Tuesday, March 24, 2015

Live Chat

I will be chatting live on Coffee Time Romance about SHADOWS OF DAMASCUS plot and character creation today March 24th at 9:00 pm Eastern time.

Monday, March 9, 2015

Essence-capturing review of Shadows of Damascus

SHADOWS OF DAMASCUS received this review recently on Amazon that really captured what I intended in the book:

"I finished reading Lilas Taha's novel "Shadows of Damascus" and did not want it to end! It took me back to the Middle East, to the sights, sounds, aromas, people and to the sad realities, and then transplanted me back to the US on an emotional journey with many dizzying resonances. The author created believable and charming characters and managed to portray so well the hurdles that Jasmine and Adam had to go through with all their human flaws and differences: differences that go beyond those of a Syrian woman and an American man, but on to the nuanced relationship between the Middle East and the United States. She ends her novel without really ending it, for the story, like the relationship between the US and the ME has not ended yet. A lovely novel that leaves us hungering to know more about Jasmine and Adam's journey, as well as that of the US and the sad and torn Middle East."

Friday, February 13, 2015

Character Creation

When I seriously considered writing a book, I knew that in any story, characters have to become alive, invoke emotions, reactions, and thoughts from readers. Whether the character is the main one in the story, or secondary in a subplot, it doesn’t matter. All the actions and dialogue coming out of the character have to be convincing. 

With Shadows of Damascus, I had a general idea of who the characters were, and how they interacted with each other. Developing the specifics of how they went about their daily lives, their views of the world they lived in, and their convictions became my true challenge.

It is important to pin that down to create a character that readers could connect to, if not personally, then to someone they know. Real people, with quirks and shortcomings, weaknesses and strengths, dreams and aspirations, successes and failures. Even if the plot doesn’t call for all the details, writing them in brings the character closer to the surface, to be understood, accepted or rejected, despised or fevered, whatever the reaction from the reader maybe, a reaction nonetheless. I found as I developed my characters, they pushed me to a different angle, a different scene or a new problem that wasn’t in the plot to begin with. This approach may not work with all genres, and every writer has his or her method.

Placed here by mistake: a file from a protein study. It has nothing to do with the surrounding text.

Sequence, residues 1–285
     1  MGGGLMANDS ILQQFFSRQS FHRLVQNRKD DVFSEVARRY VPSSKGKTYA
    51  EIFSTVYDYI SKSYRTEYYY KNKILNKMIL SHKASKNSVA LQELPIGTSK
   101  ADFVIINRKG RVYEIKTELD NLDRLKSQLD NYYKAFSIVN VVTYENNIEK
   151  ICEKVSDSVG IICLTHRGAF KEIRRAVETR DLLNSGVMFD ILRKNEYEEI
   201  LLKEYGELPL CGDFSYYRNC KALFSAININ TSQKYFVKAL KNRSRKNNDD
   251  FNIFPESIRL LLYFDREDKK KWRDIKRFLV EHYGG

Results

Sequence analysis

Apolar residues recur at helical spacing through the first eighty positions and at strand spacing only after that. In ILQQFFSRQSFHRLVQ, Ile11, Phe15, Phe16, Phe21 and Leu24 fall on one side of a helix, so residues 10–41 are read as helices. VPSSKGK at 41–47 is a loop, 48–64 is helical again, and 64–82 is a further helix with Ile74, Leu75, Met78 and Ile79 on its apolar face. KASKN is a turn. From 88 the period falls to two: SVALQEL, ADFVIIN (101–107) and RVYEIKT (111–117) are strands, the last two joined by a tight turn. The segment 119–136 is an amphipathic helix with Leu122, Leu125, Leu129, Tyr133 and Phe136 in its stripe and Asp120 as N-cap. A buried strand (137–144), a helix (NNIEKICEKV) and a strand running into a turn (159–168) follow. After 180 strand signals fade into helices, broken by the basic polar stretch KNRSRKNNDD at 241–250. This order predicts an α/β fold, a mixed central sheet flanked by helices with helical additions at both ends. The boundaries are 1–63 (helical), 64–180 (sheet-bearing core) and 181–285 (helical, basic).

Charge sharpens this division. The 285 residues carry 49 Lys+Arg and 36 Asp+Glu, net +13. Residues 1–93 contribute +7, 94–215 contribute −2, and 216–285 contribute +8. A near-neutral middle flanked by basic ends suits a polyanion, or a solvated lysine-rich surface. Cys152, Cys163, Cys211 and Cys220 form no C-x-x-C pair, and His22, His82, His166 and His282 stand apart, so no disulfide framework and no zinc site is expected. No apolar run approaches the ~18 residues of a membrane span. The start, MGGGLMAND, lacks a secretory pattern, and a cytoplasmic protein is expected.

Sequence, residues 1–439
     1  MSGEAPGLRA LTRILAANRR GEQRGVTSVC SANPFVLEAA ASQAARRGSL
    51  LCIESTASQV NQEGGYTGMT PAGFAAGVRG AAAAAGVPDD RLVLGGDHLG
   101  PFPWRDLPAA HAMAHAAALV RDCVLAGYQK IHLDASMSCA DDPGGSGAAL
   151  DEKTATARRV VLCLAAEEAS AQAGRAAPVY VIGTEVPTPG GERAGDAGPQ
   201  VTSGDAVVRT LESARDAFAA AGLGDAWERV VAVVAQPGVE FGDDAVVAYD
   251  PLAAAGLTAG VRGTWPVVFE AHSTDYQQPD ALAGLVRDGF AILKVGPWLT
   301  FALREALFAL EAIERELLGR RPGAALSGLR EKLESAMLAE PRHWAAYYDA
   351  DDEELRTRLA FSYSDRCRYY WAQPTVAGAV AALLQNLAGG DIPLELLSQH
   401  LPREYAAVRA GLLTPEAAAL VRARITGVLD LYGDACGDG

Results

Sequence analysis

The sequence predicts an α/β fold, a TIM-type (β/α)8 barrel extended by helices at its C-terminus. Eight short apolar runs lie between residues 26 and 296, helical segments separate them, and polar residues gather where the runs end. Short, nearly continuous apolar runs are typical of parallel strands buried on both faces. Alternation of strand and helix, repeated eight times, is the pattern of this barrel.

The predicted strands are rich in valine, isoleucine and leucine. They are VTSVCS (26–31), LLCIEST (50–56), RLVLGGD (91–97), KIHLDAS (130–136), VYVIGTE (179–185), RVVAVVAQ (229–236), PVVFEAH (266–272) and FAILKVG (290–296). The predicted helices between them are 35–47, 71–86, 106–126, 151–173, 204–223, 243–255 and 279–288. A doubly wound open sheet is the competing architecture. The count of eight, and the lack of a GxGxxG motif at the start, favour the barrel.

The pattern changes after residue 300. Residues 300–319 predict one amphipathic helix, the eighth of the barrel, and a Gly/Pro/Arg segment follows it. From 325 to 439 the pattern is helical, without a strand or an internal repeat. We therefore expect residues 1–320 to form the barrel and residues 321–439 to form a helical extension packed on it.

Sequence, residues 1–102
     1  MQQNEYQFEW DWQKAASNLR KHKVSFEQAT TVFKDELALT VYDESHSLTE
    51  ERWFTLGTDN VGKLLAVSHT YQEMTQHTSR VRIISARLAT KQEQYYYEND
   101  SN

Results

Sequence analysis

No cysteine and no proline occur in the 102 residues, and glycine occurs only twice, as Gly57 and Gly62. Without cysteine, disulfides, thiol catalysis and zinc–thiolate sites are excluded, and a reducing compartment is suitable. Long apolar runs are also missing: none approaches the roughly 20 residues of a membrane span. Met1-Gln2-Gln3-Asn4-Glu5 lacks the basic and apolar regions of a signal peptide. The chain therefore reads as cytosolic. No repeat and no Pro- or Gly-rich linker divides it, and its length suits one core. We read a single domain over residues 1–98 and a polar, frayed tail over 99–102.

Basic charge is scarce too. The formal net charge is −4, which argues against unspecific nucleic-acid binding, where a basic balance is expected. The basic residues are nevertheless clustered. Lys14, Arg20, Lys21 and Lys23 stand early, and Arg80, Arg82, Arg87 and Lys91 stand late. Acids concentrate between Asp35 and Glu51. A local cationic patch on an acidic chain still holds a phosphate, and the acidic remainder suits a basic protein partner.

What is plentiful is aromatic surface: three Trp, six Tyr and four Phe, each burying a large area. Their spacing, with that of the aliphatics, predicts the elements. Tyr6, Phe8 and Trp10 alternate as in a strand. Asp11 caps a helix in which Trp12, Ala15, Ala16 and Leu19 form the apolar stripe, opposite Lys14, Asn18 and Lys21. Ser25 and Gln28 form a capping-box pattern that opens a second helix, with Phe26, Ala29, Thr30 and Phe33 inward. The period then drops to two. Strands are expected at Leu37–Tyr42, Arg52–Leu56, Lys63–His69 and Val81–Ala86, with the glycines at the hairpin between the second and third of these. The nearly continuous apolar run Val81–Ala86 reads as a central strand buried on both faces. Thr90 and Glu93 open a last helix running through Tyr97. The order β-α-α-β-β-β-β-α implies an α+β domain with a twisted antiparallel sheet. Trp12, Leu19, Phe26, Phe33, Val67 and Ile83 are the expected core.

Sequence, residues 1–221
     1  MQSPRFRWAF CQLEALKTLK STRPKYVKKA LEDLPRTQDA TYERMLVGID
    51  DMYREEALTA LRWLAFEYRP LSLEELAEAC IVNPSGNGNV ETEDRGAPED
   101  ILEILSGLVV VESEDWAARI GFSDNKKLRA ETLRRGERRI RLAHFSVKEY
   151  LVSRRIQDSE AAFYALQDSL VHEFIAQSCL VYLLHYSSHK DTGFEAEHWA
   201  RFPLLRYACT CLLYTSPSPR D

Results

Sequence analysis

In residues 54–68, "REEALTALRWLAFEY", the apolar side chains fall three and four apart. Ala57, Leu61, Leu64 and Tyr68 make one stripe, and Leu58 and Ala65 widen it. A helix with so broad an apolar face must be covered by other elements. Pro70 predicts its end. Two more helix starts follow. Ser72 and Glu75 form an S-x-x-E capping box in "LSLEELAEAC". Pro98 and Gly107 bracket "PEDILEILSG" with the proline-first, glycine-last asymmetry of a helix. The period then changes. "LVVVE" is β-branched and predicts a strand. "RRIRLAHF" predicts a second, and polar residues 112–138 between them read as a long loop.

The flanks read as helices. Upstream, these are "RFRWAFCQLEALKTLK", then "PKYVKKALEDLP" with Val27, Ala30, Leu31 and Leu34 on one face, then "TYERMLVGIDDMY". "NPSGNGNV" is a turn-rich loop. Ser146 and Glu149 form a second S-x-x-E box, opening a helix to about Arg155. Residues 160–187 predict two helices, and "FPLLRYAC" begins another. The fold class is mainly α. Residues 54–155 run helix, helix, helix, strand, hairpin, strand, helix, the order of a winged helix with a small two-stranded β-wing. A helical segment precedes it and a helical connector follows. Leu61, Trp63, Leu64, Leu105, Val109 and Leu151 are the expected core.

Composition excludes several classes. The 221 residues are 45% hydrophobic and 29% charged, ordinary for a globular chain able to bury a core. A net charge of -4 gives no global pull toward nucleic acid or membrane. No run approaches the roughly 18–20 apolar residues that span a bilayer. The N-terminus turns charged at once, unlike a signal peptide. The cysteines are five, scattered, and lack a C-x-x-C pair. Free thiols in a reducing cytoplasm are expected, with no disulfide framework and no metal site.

It was also very important to pin down the physical image of the character. I’m one who doesn’t cut out pictures from magazines and stick them to a board or in a sketchbook to help with images, though I think that is an effective way to go about it. I’m one who keeps everything in my head, which may explain the lost look I sport around when I’m developing a scene. I got in the habit of observing people. Wherever I am, I take in details: facial expressions, hair styles and colors, manicured fingernails, scruffy beards, the way a tall man walks, how a plump lady tries to cross her legs, the small gestures between couples they try to hide in public, yet fail. To me, it’s more than hair and eye color, skin tone and body structure. It’s more about how the characters carry themselves, and most importantly, what they try to conceal.

Wednesday, December 24, 2014

Born on Christmas Day

He was born on this day. 
Seventy-seven years ago.